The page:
Otherizing and Futilizing

Are you stuck “otherizing” and “futilizing?” Don’t know those words? They are words I’ve invented to mean the act of holding others distant and different resulting in a lack of empathy or concern (otherizing) and continuing to take no action believing one’s individual action cannot make a difference (futilizing).

I was attending an MLK day event on Monday. While listening to the speaker I was conducting some impressive futilizing in my head. What have I done to make a difference? What can I do? After all there will never be a TEG day fifty years from now like there’s an MLK day. King was 39 when assassinated, and look what his short life stood for and accomplished. I’m pushing 52 (pretty hard), and what can I possibly do that will matter? Oh, woe is me, right? Plus TEG day just sounds stupid.

When I stopped gazing at my own navel and looked around this room full of individuals, I saw some influential (or at least vocal in the local community) individuals, but mostly other anonymous (to me and and me to them) regular community members. If we all otherwize and futilize, then we are certainly doomed to render all but those holding the wealth and power in a perpetual state of marginalization. Most of us will have little if any impact on “the world” but we can certainly impact those immediately around us. I think a realistic starting point is to work on our individual and collective empathy. If we can all individually work to build empathy and teach that empathy to others by doing such things as:
– noticing and rejecting stereotypes
– respecting and valuing differences
– widening our circle of concern
– listening closely to others (and “others”)
– managing difficult feelings like sickness, anger, and frustration
– navigating social situations ethically and fairly
(adapted from Making Caring Common Project: https://mcc.gse.harvard.edu/resources-for-educators/how-build-empathy-strengthen-school-community)

These all sound nice, but remain abstract ideals until used as a metric to measure one’s daily actions. So maybe pick on and learn more to then prompt action so that you can have an impact on at least one other, and then another, and another…

Maybe learn more about implicit bias. These are links to information and an implicit bias self-assessment from a Harvard project.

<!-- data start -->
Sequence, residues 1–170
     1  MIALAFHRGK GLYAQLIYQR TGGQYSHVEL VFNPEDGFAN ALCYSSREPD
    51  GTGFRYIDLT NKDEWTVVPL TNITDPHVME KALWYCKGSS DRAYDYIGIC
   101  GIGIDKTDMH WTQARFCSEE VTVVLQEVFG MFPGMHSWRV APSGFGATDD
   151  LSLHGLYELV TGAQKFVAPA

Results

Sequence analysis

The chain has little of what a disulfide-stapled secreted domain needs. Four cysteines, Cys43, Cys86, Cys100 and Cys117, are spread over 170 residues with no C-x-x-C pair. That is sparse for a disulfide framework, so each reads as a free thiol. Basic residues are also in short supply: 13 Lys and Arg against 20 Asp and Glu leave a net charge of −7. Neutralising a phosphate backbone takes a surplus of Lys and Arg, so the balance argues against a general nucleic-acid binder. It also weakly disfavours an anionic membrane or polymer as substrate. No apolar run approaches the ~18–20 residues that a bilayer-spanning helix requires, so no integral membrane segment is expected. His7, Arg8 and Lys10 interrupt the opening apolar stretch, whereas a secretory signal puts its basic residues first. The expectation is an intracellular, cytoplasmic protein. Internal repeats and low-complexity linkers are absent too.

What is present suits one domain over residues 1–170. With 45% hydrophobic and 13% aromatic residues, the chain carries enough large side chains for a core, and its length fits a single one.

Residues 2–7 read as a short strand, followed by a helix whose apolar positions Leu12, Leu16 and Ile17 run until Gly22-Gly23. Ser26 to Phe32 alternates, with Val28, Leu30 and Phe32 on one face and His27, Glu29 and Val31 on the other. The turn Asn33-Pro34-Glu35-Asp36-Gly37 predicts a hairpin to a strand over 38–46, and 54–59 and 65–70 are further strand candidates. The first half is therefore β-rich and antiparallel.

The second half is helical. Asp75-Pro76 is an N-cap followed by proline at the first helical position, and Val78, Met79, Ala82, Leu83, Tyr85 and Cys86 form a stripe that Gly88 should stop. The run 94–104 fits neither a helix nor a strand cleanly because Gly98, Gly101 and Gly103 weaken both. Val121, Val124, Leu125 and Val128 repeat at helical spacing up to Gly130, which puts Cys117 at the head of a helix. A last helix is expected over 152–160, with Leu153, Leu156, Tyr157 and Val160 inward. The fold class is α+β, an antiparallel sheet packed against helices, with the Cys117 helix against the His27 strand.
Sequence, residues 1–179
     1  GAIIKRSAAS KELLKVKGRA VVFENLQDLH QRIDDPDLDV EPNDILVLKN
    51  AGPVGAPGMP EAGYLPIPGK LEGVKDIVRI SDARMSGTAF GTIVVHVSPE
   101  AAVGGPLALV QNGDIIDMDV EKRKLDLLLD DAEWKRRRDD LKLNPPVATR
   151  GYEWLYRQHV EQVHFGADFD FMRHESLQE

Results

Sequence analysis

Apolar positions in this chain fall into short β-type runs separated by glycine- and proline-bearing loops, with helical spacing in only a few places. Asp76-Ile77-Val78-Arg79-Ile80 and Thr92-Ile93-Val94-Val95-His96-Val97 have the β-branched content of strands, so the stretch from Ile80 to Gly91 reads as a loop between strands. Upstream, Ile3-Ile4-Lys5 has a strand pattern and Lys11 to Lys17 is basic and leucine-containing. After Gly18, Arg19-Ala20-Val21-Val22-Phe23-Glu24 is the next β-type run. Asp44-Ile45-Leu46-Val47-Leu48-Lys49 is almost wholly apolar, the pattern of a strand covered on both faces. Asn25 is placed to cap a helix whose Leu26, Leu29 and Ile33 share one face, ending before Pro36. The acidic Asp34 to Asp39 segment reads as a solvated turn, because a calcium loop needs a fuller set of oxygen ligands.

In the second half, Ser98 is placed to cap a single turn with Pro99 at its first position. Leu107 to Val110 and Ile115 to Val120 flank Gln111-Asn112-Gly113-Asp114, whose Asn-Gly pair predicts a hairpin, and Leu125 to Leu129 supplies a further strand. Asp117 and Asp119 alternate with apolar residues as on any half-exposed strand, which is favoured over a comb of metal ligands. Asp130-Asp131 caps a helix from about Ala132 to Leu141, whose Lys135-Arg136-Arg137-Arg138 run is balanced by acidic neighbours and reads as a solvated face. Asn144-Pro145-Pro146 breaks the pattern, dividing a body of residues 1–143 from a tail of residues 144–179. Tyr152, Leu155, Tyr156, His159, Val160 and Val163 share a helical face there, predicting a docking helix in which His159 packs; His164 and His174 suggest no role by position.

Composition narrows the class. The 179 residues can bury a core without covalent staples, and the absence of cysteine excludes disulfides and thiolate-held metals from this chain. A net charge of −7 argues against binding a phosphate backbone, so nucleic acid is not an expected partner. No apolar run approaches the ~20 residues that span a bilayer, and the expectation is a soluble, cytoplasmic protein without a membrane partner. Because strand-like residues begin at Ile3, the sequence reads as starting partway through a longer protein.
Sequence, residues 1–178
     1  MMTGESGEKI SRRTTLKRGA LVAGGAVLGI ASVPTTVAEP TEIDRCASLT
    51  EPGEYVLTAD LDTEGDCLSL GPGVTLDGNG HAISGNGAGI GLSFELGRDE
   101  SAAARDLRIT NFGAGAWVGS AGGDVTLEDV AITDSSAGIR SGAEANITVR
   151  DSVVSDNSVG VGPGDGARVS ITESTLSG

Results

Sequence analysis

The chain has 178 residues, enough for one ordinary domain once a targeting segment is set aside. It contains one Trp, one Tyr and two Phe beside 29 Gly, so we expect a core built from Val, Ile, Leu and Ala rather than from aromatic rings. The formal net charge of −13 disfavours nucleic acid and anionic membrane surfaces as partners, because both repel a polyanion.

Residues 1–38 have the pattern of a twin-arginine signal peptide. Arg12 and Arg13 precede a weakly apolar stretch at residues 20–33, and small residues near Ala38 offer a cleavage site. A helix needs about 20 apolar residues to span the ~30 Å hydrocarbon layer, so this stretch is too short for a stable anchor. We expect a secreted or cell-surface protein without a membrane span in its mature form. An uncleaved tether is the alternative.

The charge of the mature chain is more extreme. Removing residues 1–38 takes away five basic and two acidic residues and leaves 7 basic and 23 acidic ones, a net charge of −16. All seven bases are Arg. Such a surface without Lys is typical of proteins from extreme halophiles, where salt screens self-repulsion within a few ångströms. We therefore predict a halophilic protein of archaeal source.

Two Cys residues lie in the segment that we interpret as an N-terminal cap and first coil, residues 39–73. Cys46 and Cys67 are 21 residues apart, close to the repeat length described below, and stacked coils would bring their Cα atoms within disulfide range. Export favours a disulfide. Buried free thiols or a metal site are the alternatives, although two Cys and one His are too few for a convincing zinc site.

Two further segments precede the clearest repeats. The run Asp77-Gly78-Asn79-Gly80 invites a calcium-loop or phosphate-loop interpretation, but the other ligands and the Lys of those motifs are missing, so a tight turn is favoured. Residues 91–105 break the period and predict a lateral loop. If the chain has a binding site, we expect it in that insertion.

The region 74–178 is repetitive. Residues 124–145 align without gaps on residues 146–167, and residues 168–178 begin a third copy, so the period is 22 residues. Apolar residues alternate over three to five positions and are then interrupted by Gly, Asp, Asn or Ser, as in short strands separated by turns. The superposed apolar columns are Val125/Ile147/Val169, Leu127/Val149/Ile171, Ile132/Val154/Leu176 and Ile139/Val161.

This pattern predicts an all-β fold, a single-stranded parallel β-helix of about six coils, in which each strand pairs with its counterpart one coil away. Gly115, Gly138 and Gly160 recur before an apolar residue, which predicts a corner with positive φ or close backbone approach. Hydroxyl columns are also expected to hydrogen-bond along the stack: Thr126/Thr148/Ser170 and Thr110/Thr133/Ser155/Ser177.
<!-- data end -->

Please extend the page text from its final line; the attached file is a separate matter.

https://perception.org/research/implicit-bias/
https://implicit.harvard.edu/implicit/takeatest.html

Seek other news sources, making yourself aware of potential bias in various news sources. Here’s a couple of media bias charts to get you thinking. Of course, they come from media sources and in and of themselves may include bias.
https://www.marketwatch.com/story/how-biased-is-your-news-source-you-probably-wont-agree-with-this-chart-2018-02-28
https://www.allsides.com/blog/introducing-allsides-media-bias-chart

Learn, practice, and model active listening and how to engage the “other side” productively and with civility.
https://libguides.lmu.edu/fakenews/LeftCenterRight (includes links to some interesting TED talks about how to have civil conversations)
https://www.ted.com/speakers/jonathan_haidt

Act purposefully. Take the time to pause and ask yourself, “What then?” If I do this, purchase that, throw away this, say that, what then will happen?

Today, I’m going to dig into the Reunir Project. This is a project initiated by the First Presbyterian Church in Marshfield Wisconsin. They state that “[t]he REUNIR project was developed by the Immigration Action Team, part of the Outreach program at First Presbyterian Church in Marshfield, WI. Our concern is for those children and parents separated at the U.S.-Mexico border. REUNIR means to ‘bring together,’ which is both a Christian and humanitarian aim.” They have created this bracelet to increase awareness and provide a vetted list of agencies assisting children separated from parents and detained at the border. No matter one’s feelings about immigration, if we all had empathy and looked at these children as if they were one our own children, we wouldn’t allow this to occur.

Enough otherizing and futilizing.

Posted in Edumusings | Tagged , , , , , , , | 1 Comment

What if We Had This Hope?

What if…
What if the young woman did not fear an unknown attacker?
What if the child did not fear the stranger?
What if the teen did not fear their bullying peer?
What if the black man did not fear the police?
What if the Anishinaabe woman did not fear her abduction?
What if the refugee did not fear those charged with their processing and asylum?
What if the faithful did not fear their God?
What if the bigot did not fear?